Jobs and the Future of Work

The world’s best countries for remote working

Remote working in Sella, Spain.

Spain ranks fourth on the Global Remote Work Index 2023. Image: Unsplash/euanacameron

Victoria Masterson
Senior Writer, Forum Agenda
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Future of Work

  • The Global Remote Work Index 2023 ranks 108 countries on their quality as remote working destinations.
  • Denmark, the Netherlands and Germany are the top three countries for remote working.
  • In the World Economic Forum’s Future of Jobs Report 2023, some employers believe policies to encourage remote working could increase talent availability.

If you’re a remote worker, here’s a tool that can help you find the best countries to work in.

The Global Remote Work Index 2023 ranks 108 countries on what they offer as remote working destinations.

The index measures four main areas that determine the quality of remote working: cybersecurity, economics, infrastructure, and social safety – including safety from crime and access to human rights.

Published by security organization NordLayer, the Global Remote Work Index 2023 is based on data from credible and recognized sources, such as the UN and the World Economic Forum.

Map illustrating the global remote work index.
The Global Remote Work Index 2023 ranks the remote working credentials of 108 countries. Image: NordLayer

Europe leads on remote working

Countries in Northern Europe lead the Global Remote Work Index 2023. The top 10 countries in the index are: Denmark; the Netherlands; Germany, Spain; Sweden; Portugal; Estonia; Lithuania; Ireland and Slovakia.

In fact, European nations make up most of the top 50% of the global remote work index, the authors say.

Top 3 in the Global Remote Work Index 2023

Denmark’s key strengths for remote workers include internet quality, social inclusiveness and healthcare.

In the Netherlands, economic stability is another benefit for remote working. This a largely due to its “appeal as a tourist destination and widespread English usage”, the authors say.

Germany offers a good balance between the cost of living and quality of life, with the world’s most affordable internet service, the Global Remote Work Index 2023 finds.

Table showing the top ten of the Global Remote Work Index
European countries dominate the top 10 of the Global Remote Work Index 2023. Image: NordLayer

The best remote working countries by criteria

Slovakia leads the top 10 remote working countries for cyber safety. This is a criterion that includes the ability to respond to digital threats and the level of cybersecurity legislation.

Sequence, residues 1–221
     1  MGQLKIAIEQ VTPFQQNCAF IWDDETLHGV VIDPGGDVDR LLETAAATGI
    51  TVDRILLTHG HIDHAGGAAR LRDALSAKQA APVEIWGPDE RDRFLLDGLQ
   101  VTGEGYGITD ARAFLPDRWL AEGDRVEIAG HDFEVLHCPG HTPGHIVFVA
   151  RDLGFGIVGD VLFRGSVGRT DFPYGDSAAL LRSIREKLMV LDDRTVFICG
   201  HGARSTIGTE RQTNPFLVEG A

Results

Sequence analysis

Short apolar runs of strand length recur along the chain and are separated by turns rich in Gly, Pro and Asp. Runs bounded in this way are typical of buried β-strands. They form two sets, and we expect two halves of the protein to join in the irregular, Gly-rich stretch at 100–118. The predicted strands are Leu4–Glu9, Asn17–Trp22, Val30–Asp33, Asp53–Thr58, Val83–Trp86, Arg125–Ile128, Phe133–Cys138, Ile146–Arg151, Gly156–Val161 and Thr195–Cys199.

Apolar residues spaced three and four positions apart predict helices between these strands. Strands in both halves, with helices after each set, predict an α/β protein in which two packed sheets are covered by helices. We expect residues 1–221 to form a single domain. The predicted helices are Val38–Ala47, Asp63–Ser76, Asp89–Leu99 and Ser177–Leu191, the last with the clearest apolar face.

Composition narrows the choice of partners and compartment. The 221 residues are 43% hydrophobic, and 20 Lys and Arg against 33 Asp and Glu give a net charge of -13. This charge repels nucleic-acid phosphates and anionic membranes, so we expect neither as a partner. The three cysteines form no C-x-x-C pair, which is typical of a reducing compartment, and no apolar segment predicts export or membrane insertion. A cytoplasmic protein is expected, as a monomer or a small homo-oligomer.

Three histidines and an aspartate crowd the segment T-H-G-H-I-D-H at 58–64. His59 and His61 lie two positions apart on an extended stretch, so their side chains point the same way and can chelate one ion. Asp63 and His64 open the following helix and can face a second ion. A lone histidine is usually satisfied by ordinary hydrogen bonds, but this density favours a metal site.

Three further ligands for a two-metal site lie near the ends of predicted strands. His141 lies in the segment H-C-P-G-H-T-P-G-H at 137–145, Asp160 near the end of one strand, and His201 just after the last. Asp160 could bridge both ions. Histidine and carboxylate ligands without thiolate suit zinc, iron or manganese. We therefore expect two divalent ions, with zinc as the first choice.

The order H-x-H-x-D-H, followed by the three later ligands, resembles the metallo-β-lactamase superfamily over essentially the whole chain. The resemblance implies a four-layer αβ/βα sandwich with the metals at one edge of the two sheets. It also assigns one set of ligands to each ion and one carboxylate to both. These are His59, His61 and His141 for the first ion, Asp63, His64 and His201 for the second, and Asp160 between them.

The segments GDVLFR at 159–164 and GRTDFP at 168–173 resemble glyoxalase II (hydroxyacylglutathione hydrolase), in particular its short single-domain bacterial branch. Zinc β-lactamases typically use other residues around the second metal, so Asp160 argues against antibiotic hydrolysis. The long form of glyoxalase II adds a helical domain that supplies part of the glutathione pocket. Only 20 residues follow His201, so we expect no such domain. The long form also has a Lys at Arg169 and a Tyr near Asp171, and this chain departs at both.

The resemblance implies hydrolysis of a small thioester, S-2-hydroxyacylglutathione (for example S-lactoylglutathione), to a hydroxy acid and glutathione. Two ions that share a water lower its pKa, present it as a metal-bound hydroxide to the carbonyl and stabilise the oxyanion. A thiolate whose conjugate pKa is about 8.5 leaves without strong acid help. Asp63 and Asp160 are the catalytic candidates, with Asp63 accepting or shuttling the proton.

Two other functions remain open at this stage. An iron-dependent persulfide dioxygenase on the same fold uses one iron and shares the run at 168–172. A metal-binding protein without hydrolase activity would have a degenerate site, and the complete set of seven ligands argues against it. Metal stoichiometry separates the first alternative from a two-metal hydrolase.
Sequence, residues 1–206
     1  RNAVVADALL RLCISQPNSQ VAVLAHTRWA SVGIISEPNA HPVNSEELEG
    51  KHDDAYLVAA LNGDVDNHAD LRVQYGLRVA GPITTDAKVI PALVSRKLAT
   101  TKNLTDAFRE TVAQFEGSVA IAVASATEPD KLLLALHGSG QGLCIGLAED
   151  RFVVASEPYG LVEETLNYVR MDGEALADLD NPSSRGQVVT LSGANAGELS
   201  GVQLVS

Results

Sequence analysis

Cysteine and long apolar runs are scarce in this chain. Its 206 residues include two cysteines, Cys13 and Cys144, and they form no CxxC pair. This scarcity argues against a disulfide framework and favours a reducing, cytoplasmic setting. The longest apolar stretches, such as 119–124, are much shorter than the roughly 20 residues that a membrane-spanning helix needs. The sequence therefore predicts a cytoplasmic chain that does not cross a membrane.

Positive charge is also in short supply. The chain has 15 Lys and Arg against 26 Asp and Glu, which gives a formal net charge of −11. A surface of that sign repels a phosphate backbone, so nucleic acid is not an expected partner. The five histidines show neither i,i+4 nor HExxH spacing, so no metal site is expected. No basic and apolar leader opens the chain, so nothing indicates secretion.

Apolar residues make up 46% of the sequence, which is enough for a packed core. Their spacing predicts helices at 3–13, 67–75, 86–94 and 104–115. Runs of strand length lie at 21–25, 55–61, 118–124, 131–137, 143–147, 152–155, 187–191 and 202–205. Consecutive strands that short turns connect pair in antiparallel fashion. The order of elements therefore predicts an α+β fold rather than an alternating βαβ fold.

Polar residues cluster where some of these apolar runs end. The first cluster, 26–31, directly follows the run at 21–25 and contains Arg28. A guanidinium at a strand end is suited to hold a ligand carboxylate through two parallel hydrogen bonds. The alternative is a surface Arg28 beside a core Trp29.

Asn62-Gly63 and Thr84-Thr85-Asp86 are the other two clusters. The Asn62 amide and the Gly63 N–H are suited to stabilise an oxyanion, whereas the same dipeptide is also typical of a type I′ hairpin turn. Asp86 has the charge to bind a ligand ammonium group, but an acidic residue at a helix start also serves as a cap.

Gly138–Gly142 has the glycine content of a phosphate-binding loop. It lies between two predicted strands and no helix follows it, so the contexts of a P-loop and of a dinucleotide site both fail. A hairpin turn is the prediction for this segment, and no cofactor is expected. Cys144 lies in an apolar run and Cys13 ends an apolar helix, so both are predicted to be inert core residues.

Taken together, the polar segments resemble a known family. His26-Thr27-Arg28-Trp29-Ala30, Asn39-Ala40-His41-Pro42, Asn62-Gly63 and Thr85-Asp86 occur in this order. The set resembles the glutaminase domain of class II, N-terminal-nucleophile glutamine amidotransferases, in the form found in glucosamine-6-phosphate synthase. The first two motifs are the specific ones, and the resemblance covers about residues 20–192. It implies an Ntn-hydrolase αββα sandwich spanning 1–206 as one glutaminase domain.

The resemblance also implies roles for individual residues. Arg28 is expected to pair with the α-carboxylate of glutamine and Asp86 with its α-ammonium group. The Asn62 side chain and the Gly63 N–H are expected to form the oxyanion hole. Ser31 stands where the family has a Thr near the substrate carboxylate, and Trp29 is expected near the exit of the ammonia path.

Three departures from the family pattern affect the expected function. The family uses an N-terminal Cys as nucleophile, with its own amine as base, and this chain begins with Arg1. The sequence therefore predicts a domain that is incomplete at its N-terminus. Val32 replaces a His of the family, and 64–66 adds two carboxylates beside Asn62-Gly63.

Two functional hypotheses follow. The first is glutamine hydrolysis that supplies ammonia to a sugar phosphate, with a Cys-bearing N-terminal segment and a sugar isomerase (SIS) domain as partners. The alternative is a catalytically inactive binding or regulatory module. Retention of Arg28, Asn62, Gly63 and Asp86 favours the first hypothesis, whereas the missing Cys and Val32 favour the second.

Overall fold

The United Kingdom ranks top for economic safety in the Global Remote Work Index 2023. This category includes the cost of living, access to healthcare, how easy it is to communicate and quality leisure opportunities.

Singapore is the best country for digital and physical infrastructure such as a stable, fast and widely available internet service and safe infrastructure, such as roads.

Switzerland tops the 2023 Index for social safety, which considers the physical security and protection of remote workers.

Table showing the top ten countries ranked for remote workers in terms for cybersecurity.
Slovakia is the best country for remote workers in terms of cybersecurity. Image: NordLayer

Is the future of jobs remote?

Remote working is a recurring theme in the World Economic Forum’s Future of Jobs Report 2023, which explores how jobs and skills will evolve over the next five years. The report is based on feedback from more than 800 companies employing more than 11 million workers and has different perspectives on the future of remote working.

Figure illustrating the share of organizations surveyed that identify public policies to increase talent availability in the next five years.
About a fifth of respondents to the Forum’s Future of Jobs Report 2023 think government policies should promote remote working. Image: World Economic Forum

Around a fifth of respondents think government policies to encourage remote working in countries and across borders could increase the availability of talent in the coming years. Switzerland and sectors including telecommunications are also keen to promote it.

But by far the biggest ask from employers is government funding for training and skills development.

Research suggests employers have been reducing remote working options since the COVID-19 pandemic, though some experts believe flexible working will continue to be prevalent.

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